Association between Obstructive Sleep Apnea and Community-Acquired Pneumonia
Valls Marsal, Joan
Luz Andreu, Ada
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Background: We hypothesized that obstructive sleep apnea (OSA) can predispose individuals to lower airway infections and community-acquired pneumonia (CAP) due to upper airway microaspiration. This study evaluated the association between OSA and CAP. Methods: We performed a case-control study that included 82 patients with CAP and 41 patients with other infections (control group). The controls were matched according to age, sex and body mass index (BMI). A respiratory polygraph (RP) was performed upon admission for patients in both groups. The severity of pneumonia was assessed according to the Pneumonia Severity Index (PSI). The associations between CAP and the Epworth Sleepiness Scale (ESS), OSA, OSA severity and other sleep-related variables were evaluated using logistic regression models. The associations between OSA, OSA severity with CAP severity were evaluated with linear regression models and non-parametric tests. Findings: No significant differences were found between CAP and control patients regarding anthropometric variables, toxic habits and risk factors for CAP. Patients with OSA, defined as individuals with an Apnea-Hypopnea Index (AHI) 10, showed an increased risk of CAP (OR = 2 86, 95%CI 1 29–6 44, p = 0 01). Patients with severe OSA (AHI 30) also had a higher risk of CAP (OR = 3 18, 95%CI 1 11–11 56, p = 0 047). In addition, OSA severity, defined according to the AHI quartile, was also significantly associated with CAP (p = 0 007). Furthermore, OSA was significantly associated with CAP severity (p = 0 0002), and OSA severity was also associated with CAP severity (p = 0 0006). Conclusions: OSA and OSA severity are associated with CAP when compared to patients admitted to the hospital for non-respiratory infections. In addition, OSA and OSA severity are associated with CAP severity. These results support the potential role of OSA in the pathogenesis of CAP and could have clinical implications. This link between OSA and infection risk should be explored to investigate the relationships among gastroesophageal reflux, silent aspiration, laryngeal sensory dysfunction and CAP.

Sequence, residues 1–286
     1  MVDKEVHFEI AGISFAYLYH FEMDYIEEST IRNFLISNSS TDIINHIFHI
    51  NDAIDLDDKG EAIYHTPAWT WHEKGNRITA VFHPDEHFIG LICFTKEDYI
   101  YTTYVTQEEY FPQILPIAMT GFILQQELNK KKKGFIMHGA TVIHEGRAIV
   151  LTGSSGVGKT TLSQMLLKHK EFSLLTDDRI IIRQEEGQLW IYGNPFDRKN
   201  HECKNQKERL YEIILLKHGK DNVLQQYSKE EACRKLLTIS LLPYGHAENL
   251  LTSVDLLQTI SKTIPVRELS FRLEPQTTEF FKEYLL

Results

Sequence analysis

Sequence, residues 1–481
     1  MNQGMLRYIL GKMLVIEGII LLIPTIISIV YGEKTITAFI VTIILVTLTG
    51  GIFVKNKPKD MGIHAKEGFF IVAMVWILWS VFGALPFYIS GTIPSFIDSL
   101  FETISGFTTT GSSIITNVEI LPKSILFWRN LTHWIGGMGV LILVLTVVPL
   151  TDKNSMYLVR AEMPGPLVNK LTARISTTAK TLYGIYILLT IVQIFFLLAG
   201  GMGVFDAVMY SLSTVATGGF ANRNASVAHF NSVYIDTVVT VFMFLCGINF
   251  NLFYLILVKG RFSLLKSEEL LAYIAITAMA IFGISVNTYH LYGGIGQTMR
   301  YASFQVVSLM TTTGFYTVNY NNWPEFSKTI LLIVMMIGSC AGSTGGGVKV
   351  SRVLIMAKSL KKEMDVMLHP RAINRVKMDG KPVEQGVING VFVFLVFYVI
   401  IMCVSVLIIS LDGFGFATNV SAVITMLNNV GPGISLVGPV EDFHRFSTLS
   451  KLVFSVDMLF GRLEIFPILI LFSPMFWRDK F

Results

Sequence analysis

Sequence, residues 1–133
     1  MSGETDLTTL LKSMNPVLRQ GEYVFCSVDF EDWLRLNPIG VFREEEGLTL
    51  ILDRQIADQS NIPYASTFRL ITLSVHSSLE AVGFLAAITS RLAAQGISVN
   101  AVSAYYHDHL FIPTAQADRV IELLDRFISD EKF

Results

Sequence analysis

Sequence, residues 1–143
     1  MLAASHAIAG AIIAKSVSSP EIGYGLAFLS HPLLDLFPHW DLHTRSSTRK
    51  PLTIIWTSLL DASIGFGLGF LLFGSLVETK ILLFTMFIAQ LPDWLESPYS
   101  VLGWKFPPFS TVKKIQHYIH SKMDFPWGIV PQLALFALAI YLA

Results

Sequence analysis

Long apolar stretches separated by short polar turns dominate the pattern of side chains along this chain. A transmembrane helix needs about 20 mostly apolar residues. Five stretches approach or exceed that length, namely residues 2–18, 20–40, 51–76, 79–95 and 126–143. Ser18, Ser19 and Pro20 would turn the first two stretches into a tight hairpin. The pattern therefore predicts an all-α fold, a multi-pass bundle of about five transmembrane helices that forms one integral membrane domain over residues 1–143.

Is part ofPlos One, 2016, vol. 11, núm. 4, e0152749
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